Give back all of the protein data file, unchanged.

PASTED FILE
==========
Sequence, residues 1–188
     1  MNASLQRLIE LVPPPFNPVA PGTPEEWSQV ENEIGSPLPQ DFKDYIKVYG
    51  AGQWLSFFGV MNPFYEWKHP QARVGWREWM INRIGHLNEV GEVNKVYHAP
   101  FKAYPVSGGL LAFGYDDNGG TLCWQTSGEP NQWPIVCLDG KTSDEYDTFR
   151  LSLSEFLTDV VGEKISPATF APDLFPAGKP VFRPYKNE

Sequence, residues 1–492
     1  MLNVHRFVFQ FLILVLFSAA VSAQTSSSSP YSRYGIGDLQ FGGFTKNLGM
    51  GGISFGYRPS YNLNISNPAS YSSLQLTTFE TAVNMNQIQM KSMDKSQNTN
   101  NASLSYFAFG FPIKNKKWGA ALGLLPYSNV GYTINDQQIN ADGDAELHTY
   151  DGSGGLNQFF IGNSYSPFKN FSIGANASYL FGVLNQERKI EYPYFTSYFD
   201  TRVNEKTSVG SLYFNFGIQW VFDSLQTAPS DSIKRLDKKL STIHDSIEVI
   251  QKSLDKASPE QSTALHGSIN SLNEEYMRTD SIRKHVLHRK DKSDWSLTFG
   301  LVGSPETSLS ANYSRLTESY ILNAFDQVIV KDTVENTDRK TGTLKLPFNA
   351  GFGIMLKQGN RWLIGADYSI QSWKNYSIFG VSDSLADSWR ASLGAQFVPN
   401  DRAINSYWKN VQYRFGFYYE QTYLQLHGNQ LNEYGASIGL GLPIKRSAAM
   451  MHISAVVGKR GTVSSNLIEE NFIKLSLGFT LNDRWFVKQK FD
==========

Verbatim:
Sequence, residues 1–188
     1  MNASLQRLIE LVPPPFNPVA PGTPEEWSQV ENEIGSPLPQ DFKDYIKVYG
    51  AGQWLSFFGV MNPFYEWKHP QARVGWREWM INRIGHLNEV GEVNKVYHAP
   101  FKAYPVSGGL LAFGYDDNGG TLCWQTSGEP NQWPIVCLDG KTSDEYDTFR
   151  LSLSEFLTDV VGEKISPATF APDLFPAGKP VFRPYKNE

Sequence, residues 1–492
     1  MLNVHRFVFQ FLILVLFSAA VSAQTSSSSP YSRYGIGDLQ FGGFTKNLGM
    51  GGISFGYRPS YNLNISNPAS YSSLQLTTFE TAVNMNQIQM KSMDKSQNTN
   101  NASLSYFAFG FPIKNKKWGA ALGLLPYSNV GYTINDQQIN ADGDAELHTY
   151  DGSGGLNQFF IGNSYSPFKN FSIGANASYL FGVLNQERKI EYPYFTSYFD
   201  TRVNEKTSVG SLYFNFGIQW VFDSLQTAPS DSIKRLDKKL STIHDSIEVI
   251  QKSLDKASPE QSTALHGSIN SLNEEYMRTD SIRKHVLHRK DKSDWSLTFG
   301  LVGSPETSLS ANYSRLTESY ILNAFDQVIV KDTVENTDRK TGTLKLPFNA
   351  GFGIMLKQGN RWLIGADYSI QSWKNYSIFG VSDSLADSWR ASLGAQFVPN
   401  DRAINSYWKN VQYRFGFYYE QTYLQLHGNQ LNEYGASIGL GLPIKRSAAM
   451  MHISAVVGKR GTVSSNLIEE NFIKLSLGFT LNDRWFVKQK FD